A fast-growing Duke Health clinic offers multidisciplinary care for patients with scleroderma by bringing together experienced specialists to treat this rare and challenging disease.
During the course of a few days, a patient can see an expert in scleroderma as well as a pulmonologist, gastroenterologist, dermatologist, physical therapist, and other clinicians who understand the highly variable symptoms of localized or systemic scleroderma.
“Often patients seek our center because their local rheumatology practice does not feel comfortable managing this disease,” says Ankoor Shah, MD, the clinic director.
Many rheumatoid arthritis groups refer patients directly to Duke because of its growing expertise in treating scleroderma. Patients with this autoimmune disorder also tend to be savvy about new treatments, so many find out about the Duke Health clinic’s emerging expertise through personal research.
As their skin, organs, and blood vessels may begin to thicken due to the excessive absorption of collagen that characterizes their condition, patients with scleroderma can face unusual and varied symptoms.
“It’s a rare disease and a challenging one,” Shah adds. “A typical rheumatology practice might treat no more than 2 or 3 patients, whereas I’m longitudinally following 70 patients who have many needs.”
The clinic began specializing in scleroderma 2 years ago when Shah asked that all patients be directed toward the collaborative group of clinicians focused on autoimmune disorders.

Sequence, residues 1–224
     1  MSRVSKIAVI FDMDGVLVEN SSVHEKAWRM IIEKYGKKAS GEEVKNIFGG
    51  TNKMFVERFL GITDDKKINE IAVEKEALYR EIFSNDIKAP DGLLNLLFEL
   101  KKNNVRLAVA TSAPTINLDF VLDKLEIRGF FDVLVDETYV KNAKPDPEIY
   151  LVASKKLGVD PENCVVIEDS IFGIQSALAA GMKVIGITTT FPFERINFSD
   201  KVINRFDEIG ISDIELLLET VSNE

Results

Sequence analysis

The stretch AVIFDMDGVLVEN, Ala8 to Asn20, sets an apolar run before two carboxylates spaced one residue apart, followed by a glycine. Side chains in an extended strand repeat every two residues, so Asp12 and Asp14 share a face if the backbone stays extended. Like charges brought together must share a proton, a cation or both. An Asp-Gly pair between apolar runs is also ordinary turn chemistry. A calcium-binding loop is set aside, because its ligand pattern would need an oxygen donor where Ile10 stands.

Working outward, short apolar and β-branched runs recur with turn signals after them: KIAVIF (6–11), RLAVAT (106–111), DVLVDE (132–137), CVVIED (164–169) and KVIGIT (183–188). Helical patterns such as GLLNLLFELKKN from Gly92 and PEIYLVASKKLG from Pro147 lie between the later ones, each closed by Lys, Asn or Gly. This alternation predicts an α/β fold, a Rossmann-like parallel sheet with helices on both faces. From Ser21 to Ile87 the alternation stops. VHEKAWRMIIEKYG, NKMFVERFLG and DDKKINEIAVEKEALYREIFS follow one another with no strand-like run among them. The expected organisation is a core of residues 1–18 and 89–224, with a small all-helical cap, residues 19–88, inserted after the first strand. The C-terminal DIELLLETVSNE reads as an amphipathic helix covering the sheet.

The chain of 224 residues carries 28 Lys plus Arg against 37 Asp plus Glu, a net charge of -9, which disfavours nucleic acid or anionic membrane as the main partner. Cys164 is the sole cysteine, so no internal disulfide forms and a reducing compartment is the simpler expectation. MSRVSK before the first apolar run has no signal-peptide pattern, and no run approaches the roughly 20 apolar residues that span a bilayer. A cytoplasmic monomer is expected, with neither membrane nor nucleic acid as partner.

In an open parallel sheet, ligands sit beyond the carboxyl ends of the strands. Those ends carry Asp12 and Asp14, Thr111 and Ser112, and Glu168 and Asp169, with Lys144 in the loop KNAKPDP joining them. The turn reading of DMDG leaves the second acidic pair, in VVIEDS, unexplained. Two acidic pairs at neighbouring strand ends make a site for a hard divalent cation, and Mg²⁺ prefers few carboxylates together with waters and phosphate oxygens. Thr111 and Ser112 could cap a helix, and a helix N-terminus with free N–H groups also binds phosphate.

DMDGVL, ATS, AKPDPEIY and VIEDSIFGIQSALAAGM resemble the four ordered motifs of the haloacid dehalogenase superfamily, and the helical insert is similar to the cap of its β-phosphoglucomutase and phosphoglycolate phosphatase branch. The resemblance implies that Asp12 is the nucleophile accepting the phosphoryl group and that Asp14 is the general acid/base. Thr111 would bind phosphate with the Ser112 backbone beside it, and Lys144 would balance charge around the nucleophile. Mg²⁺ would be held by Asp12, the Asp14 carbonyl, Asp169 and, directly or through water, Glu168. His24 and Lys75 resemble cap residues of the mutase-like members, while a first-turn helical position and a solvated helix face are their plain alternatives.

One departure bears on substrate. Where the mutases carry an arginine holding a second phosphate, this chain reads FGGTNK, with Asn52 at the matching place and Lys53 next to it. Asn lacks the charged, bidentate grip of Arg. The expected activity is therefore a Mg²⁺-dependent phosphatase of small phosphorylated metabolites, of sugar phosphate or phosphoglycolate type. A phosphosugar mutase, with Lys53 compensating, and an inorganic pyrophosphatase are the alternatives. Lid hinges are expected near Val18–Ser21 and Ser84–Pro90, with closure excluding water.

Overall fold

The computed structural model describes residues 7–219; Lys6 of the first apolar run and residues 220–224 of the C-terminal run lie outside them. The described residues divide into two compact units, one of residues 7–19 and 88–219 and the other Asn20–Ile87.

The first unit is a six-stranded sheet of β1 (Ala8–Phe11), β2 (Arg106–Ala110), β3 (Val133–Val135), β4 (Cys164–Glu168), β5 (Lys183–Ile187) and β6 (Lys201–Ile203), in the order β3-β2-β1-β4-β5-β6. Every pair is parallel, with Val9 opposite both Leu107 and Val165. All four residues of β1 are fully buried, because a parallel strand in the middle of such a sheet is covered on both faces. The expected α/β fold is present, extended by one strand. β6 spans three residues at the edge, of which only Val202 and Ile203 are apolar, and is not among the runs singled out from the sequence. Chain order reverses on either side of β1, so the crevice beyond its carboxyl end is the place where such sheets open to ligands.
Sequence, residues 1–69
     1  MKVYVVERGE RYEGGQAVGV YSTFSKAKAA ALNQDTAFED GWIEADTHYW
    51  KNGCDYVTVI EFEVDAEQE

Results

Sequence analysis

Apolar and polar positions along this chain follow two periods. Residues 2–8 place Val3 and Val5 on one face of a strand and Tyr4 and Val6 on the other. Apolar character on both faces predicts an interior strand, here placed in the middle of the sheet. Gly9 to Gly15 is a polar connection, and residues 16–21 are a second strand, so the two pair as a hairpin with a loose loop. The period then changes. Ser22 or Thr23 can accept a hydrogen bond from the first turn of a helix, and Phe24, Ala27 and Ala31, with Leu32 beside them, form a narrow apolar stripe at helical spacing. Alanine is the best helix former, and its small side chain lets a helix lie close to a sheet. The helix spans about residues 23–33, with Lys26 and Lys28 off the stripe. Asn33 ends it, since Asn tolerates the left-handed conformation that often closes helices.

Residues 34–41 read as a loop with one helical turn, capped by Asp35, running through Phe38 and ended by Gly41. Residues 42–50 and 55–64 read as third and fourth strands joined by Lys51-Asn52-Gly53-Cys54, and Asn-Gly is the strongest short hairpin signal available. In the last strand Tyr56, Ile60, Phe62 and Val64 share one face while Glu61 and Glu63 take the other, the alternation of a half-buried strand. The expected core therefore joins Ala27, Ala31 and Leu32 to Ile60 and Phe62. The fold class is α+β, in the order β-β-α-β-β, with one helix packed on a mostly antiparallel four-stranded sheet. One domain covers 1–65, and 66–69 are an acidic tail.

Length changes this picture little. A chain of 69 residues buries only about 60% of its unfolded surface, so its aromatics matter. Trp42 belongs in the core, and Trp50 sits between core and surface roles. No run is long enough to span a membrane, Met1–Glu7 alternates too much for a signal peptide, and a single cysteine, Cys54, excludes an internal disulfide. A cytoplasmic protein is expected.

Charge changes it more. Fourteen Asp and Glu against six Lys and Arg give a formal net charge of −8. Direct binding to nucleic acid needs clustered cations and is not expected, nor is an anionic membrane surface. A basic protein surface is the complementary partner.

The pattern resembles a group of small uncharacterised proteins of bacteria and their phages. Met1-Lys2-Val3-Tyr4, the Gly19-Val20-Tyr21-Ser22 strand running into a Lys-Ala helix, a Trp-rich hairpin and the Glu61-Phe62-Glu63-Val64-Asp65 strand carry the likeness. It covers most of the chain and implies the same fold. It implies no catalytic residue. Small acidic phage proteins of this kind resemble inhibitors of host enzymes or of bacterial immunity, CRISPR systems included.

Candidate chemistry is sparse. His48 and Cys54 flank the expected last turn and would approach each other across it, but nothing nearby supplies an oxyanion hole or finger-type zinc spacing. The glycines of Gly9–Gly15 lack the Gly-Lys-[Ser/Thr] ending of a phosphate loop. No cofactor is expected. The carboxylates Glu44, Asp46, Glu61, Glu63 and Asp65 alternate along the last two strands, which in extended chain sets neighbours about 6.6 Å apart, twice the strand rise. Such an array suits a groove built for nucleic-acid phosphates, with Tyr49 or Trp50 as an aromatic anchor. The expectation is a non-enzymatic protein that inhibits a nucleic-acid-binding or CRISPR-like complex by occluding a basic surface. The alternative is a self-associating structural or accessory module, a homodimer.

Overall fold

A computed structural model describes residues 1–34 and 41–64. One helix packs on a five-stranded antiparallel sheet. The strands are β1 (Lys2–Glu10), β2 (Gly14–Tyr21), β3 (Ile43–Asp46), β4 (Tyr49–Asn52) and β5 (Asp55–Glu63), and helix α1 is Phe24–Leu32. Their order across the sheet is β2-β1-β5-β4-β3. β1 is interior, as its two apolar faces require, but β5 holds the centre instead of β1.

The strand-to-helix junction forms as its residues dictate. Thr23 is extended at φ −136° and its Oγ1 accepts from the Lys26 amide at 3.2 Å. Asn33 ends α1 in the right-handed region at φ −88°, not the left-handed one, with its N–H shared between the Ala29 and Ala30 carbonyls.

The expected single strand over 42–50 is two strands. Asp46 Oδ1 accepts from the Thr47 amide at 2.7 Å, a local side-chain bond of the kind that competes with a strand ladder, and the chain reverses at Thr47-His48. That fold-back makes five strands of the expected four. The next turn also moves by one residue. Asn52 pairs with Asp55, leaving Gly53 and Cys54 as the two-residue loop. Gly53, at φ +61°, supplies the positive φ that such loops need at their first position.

Using the secure Research Electronic Data Capture database tools popular for research at Duke Health and other leading medical centers, Shah launched a disease registry to monitor scleroderma among its patients.
An orphan disease, scleroderma is often neglected in research because of lacking commercial interest. Shah says the Duke Health clinic uses its growing patient load and database to contribute to the search for a cause and a cure.
The disease affects about 20 patients for every 1 million people, so case numbers are low. The disease disproportionally affects women—particularly younger women. The symptoms can be more severe in men, but not always.
The clinic also plans clinical trials to study the effects of pulmonary fibrosis and hypertension on scleroderma. “Our goal is to identify and leverage translational research to uncover new approaches and put them to use as soon as possible,” Shah says.
Additional research is underway at Duke Health to assess the potential of cellular therapies such as bone marrow transplantation as possible therapy for severe scleroderma, although these approaches have not yet been approved by the US Food and Drug Administration.